A Mirror to the Blind
Abdul Sattar Edhi, 1996
Together with his wife, Balquis, Abdul Sattar Edhi started the Edhi Charity foundation in Pakistan, which has since grown into a huge free health service. This book is full of the conviction of a person who stands absolute in the philosophy of charity, a duty not a plea. This man has seen it all yet keeps his focus on what is righteous.
The God Delusion
Richard Dawkins, Bantam 2006
The great hope of atheism fails miserably in attempting to convince us believers that we’ve got it all wrong. Mystics far greater than Dawkins, and less patronising, pondered these questions and died without finding the absolute answer. His Holiness Dawkins offers little but cheap attacks and absurd, fantasised egotistical assumptions. I think he wants to be God.
Many talk about it, insult it, burn it, flush it down toilets (Guantanamo), misrepresent it (Wilders), attempt to re-write it, abuse it, but they never READ IT for themselves. The Qur’an is not just for Muslims; it clearly throws down a gauntlet – so challenge the writings intellectually.
A portion of the sales from purchases made through Red Pepper/Eclector’s book store contribute money to Red Pepper. Not all titles are available.
Glenn Greenwald was interviewed by Amandla Thomas-Johnson over the phone from Brazil. Here is what he had to say on the War on Terror, Trump, and the 'special relationship'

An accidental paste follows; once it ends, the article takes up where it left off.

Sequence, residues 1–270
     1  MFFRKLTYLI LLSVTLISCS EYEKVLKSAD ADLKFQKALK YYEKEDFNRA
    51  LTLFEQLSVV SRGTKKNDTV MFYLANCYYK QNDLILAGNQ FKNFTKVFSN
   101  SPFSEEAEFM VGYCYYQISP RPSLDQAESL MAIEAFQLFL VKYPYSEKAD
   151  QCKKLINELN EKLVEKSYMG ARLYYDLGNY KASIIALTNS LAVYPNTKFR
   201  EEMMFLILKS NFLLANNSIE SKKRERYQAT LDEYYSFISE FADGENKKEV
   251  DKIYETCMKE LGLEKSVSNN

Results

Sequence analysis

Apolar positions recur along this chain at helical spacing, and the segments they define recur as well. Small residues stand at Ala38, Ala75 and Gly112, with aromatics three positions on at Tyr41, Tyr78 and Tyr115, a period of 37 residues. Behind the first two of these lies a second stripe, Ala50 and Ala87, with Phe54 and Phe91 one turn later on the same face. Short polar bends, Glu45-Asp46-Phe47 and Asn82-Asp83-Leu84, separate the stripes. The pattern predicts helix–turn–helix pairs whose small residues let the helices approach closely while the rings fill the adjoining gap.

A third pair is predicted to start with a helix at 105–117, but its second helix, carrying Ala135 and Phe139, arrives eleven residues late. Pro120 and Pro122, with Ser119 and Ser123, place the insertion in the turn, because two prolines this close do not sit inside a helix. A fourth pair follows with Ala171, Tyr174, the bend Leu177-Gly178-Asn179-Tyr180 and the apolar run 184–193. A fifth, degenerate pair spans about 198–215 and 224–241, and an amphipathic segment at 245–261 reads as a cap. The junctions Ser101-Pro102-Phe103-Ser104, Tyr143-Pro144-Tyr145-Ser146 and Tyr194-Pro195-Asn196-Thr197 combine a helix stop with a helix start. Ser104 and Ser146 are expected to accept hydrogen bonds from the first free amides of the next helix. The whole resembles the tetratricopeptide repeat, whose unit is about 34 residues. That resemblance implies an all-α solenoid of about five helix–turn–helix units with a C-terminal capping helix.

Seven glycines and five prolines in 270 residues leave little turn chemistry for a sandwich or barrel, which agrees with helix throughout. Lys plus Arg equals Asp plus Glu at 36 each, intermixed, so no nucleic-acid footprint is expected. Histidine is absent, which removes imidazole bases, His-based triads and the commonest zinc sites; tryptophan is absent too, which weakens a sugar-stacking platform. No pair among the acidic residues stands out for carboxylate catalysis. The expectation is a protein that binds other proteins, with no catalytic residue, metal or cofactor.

Andrew Dolan on how the left must match the anti-establishment rhetoric of the right, but with a different politics
In the first of a series of interviews with migrants' rights and racial justice activists from the US, Marienna Pope-Weidemann speaks to Peter Pedemonti, co-founder and director of the New Sanctuary Movement in Philadelphia
Yasmin Gunaratnam reflects on John Berger’s gut solidarity with the stranger
Charlie Clarke and Heather Mendick discuss how to work through the tensions within Momentum
In 1972 David Widgery wrote about the bitter intensity of love in capitalism
Emma Snaith speaks with directors Emer Mary Morris and Nina Scott about the power of theatre to encourage community resistance to estate demolitions.
Photos from The World Transformed festival in Liverpool, by David Walters
A short story by Kirsten Irving
Nadhira Halim and Andy Edwards report on the range of creative responses to the housing crisis that are providing secure, affordable housing across the UK
The Migrant Connections Festival: solidarity needs meaningful relationships
On March 4 & 5 Bethnal Green will host a migrant-led festival fostering community and solidarity for people of all backgrounds, writes Sohail Jannesari
Reclaiming Holloway Homes
The government is closing old, inner-city jails. Rebecca Roberts looks at what happens next
Intensification of state violence in the Kurdish provinces of Turkey
Oppression increases in the run up to Turkey’s constitutional referendum, writes Mehmet Ugur from Academics for Peace
Pass the domestic violence bill
Emma Snaith reports on the significance of the new anti-domestic violence bill
Report from the second Citizen’s Assembly of Podemos
Sol Trumbo Vila says the mandate from the Podemos Assembly is to go forwards in unity and with humility
Protect our public lands